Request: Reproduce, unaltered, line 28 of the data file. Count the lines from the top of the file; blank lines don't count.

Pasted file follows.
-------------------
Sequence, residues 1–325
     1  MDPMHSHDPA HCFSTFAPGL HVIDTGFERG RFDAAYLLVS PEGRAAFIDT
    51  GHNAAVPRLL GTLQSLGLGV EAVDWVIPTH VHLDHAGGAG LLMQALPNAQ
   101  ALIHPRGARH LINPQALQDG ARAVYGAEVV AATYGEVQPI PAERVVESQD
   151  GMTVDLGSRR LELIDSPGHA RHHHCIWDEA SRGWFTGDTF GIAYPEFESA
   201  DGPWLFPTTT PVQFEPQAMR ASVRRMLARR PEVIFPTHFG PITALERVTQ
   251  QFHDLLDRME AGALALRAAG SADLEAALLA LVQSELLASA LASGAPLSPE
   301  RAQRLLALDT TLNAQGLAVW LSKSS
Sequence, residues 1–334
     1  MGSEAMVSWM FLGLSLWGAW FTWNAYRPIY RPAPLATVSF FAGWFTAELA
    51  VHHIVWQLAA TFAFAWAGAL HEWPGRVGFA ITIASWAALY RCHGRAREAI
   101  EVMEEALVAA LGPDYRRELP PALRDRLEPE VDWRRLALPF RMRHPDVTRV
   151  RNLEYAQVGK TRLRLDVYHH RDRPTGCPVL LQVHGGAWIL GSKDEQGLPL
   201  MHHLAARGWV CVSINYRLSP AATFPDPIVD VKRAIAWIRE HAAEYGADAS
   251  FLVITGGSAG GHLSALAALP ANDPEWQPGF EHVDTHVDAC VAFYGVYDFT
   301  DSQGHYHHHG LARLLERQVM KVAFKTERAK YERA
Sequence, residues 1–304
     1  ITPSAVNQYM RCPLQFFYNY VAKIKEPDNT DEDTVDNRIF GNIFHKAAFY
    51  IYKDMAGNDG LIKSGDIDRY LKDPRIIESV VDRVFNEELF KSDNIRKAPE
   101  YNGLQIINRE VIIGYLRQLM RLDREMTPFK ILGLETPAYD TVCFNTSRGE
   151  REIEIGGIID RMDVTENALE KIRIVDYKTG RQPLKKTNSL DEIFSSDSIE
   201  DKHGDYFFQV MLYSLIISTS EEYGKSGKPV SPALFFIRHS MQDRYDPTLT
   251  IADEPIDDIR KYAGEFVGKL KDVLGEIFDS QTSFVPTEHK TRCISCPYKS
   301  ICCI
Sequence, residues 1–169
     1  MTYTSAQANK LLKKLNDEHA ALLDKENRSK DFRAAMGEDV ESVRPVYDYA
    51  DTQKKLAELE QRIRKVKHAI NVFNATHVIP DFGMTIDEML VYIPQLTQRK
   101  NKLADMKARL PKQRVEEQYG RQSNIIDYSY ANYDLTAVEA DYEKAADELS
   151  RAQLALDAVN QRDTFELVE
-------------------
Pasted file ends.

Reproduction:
   101  NKLADMKARL PKQRVEEQYG RQSNIIDYSY ANYDLTAVEA DYEKAADELS